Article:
Bell's palsy seems to occur during pregnancy and the puerperium more frequently than expected by chance. In particular there seems to be a distinct group of young primigravidae in whom Bell's palsy appears during the week preceding delivery, and who have a normal glucose tolerance test. These women have a good prognosis, with regression of symptoms during the fortnight following childbirth. It is suggested that in these cases Bell's palsy may result from ischaemia of the nerve, due to fluid retention and extracellular oedema. Diabetic angiopathy does not seem to be important in the aetiology of Bell's palsy appearing shortly before or after delivery, but may play a part in other cases of Bell's palsy during pregnancy.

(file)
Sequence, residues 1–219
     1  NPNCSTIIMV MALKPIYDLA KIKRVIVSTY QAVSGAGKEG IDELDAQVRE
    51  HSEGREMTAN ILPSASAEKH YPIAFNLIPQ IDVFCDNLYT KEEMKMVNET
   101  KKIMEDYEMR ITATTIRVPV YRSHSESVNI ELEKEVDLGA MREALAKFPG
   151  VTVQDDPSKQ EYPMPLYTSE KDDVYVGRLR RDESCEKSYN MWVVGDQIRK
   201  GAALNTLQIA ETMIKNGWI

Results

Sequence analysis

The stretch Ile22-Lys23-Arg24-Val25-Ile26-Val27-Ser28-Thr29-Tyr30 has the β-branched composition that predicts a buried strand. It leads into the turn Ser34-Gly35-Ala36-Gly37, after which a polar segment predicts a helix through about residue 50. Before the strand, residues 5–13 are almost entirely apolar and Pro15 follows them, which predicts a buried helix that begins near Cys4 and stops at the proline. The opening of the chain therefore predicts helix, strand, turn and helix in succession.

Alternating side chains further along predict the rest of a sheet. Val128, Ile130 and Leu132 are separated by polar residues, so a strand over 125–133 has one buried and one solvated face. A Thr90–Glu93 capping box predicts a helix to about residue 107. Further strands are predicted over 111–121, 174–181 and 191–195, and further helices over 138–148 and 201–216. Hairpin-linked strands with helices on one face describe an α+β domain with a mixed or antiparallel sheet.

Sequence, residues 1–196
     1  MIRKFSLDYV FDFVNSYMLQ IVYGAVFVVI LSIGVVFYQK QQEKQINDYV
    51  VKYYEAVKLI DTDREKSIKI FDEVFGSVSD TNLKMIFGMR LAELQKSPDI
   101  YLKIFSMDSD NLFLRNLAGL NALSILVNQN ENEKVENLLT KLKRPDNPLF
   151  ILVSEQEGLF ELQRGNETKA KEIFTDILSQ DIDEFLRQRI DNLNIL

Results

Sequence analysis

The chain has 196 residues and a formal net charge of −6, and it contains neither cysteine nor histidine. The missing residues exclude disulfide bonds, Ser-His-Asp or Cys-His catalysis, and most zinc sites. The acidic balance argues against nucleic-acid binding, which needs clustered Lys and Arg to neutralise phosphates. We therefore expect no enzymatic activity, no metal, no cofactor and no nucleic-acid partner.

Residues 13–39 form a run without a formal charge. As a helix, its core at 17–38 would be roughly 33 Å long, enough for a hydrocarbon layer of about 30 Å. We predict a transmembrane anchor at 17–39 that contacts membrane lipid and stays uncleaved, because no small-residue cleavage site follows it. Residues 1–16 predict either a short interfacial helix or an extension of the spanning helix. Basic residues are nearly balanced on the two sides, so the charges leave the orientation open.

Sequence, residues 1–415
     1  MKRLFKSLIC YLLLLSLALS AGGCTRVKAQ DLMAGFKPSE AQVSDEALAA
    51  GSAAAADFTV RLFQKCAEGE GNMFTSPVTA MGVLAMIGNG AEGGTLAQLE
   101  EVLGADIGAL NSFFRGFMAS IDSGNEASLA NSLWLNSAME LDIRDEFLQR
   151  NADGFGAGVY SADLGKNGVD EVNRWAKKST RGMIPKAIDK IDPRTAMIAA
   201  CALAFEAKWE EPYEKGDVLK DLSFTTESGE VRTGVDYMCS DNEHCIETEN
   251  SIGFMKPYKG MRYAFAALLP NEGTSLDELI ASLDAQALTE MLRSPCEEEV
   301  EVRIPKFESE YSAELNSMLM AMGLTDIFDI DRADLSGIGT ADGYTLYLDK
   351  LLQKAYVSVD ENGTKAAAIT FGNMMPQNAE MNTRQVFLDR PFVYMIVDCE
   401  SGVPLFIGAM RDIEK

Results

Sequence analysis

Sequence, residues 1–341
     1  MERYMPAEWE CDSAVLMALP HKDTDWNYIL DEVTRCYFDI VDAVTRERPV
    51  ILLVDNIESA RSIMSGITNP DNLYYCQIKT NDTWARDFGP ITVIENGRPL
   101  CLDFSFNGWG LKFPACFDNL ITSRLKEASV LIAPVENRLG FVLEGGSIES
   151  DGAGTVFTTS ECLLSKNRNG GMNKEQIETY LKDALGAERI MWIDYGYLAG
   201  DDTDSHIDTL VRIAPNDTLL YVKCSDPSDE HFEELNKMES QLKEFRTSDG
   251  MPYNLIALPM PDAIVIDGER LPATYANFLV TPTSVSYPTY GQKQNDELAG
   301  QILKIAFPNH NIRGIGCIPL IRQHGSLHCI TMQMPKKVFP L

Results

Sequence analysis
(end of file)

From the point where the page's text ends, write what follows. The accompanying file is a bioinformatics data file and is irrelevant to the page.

|Number of pages||5|
|Journal||Acta Neurologica Scandinavica|
|State||Published - Dec 1971|